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Rheumatology (Oxford). 2008 Sep;47(9):1406-8. doi: 10.1093/rheumatology/ken258. Epub 2008 Jul 14.

Prognosis of large-vessel giant cell arteritis.

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Medical Centre for Rheumatology Berlin-Buch, Karower Str. 11, 13125 Berlin, Germany.



The prognosis of large-vessel GCA (LV-GCA) has not yet been investigated. How does it compare to GCA without arm vasculitis (GCA controls)?


Charts of 53 LV-GCA patients and 53 GCA controls were reviewed following a predetermined protocol. Telephone interviews of patients or their primary care physicians were conducted. Forty LV-GCA patients underwent follow-up duplex ultrasound examinations of proximal arm arteries.


The mean observation time was 50 (s.d. +/- 31) months. None of the LV-GCA patients developed ischaemic arm complications. In 30%, proximal arm artery wall swelling disappeared completely. It decreased in 53%. In 8% it remained unchanged, in 5% it increased and in 5% arteries occluded with collateral flow. After the start of treatment, anterior ischaemic optic neuropathy developed neither in LV-GCA patients nor in GCA controls, amaurosis fugax occurred in 4 and 6%, arterial hypertension in 53 and 66%, strokes in 9 and 9%, myocardial infarction in 2 and 2%, diabetes mellitus in 30 and 25%, osteoporosis in 38 and 23%, and osteoporotic fractures in 15 and 4%, respectively. Mean corticosteroid dose was 3.7 mg/day. Mean duration of therapy was 42 months. All differences were insignificant. Four LV-GCA patients developed vasculitic popliteal artery stenoses.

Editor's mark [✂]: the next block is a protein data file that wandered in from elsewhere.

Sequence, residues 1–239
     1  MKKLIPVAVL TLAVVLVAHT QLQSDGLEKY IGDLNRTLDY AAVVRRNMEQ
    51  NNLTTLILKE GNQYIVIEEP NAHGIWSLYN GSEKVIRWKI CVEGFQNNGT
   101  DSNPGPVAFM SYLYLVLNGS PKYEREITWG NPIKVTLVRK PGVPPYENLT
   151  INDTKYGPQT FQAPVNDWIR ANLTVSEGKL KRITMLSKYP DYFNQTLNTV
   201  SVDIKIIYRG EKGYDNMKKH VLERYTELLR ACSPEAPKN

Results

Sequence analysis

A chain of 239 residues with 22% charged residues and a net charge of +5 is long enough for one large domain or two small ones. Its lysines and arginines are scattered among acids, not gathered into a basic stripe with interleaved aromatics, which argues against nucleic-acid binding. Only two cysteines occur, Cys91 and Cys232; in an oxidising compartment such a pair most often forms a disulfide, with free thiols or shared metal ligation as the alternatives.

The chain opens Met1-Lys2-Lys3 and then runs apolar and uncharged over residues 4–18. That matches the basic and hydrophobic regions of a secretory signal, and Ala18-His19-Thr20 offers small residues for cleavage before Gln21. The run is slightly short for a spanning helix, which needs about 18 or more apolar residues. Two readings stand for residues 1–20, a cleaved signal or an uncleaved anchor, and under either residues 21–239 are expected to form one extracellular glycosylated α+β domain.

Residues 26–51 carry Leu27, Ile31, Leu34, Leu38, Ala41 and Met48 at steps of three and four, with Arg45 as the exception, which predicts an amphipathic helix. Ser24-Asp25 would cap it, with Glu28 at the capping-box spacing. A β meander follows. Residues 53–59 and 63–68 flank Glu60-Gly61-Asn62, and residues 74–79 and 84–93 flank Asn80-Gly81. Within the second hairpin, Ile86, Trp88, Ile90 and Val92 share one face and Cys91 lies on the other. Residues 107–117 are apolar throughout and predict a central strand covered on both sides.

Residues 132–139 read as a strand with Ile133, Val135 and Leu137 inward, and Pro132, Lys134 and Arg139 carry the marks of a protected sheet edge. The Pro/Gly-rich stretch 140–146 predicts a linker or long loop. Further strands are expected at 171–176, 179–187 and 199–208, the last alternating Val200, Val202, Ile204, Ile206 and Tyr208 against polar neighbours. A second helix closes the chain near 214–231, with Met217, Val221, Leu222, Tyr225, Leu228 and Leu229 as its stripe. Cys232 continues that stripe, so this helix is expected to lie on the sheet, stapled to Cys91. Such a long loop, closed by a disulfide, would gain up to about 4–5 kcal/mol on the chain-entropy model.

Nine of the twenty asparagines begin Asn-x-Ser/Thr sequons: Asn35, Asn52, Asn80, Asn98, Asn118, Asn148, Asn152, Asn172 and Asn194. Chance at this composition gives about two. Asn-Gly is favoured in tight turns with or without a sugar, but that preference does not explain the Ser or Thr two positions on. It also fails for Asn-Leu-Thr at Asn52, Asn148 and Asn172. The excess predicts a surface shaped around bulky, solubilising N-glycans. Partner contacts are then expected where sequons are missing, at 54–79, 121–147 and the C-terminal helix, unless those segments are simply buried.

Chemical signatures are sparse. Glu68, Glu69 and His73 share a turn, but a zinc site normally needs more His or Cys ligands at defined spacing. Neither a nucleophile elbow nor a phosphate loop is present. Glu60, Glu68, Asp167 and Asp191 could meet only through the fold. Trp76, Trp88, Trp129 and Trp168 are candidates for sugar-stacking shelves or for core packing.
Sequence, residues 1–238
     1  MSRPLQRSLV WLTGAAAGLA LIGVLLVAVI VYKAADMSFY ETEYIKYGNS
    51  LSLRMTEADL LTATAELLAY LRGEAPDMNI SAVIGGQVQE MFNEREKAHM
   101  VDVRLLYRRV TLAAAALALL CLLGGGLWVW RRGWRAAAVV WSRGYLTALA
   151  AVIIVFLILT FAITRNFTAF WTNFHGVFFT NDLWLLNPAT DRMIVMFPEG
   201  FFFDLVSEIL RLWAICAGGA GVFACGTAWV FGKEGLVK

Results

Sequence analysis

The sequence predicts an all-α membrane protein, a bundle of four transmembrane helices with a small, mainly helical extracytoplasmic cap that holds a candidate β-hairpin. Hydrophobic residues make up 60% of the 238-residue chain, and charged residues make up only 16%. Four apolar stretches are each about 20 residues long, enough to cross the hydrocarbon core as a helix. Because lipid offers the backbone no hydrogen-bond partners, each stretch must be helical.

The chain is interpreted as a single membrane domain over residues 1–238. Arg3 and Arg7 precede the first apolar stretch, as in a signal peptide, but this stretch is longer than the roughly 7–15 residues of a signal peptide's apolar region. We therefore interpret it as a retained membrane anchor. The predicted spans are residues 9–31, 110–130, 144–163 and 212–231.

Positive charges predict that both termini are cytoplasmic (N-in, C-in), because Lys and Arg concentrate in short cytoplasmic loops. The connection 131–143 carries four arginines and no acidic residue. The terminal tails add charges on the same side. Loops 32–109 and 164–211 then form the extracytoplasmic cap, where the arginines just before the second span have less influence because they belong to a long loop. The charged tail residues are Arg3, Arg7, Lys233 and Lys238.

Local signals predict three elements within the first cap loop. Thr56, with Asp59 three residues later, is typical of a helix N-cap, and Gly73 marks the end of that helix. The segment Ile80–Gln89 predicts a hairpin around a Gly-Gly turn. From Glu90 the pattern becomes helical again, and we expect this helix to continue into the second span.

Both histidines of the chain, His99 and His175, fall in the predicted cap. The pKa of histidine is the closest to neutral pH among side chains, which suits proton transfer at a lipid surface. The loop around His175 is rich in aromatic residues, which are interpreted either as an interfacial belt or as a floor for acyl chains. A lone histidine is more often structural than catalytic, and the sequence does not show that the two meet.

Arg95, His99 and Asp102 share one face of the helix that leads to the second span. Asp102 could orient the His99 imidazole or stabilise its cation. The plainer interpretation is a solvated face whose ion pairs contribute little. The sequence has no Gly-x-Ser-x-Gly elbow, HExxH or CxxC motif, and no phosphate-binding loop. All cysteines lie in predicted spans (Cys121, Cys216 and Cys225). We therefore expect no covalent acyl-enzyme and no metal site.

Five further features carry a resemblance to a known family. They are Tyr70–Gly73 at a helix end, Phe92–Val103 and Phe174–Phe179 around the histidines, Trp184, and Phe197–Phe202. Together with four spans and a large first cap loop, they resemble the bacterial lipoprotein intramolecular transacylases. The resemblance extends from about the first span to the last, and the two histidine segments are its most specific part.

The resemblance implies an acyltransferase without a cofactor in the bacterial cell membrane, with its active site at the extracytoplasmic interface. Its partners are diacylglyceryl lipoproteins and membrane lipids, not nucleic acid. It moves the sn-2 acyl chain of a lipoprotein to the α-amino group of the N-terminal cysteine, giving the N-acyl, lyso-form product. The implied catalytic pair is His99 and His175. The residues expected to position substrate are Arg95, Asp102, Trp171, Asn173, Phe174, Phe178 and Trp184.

The prognosis of LV-GCA is benign with regard to ischaemic complications. Proximal artery wall swelling decreases in most cases. Its course is similar to GCA without proximal arm arteritis.

[Indexed for MEDLINE]

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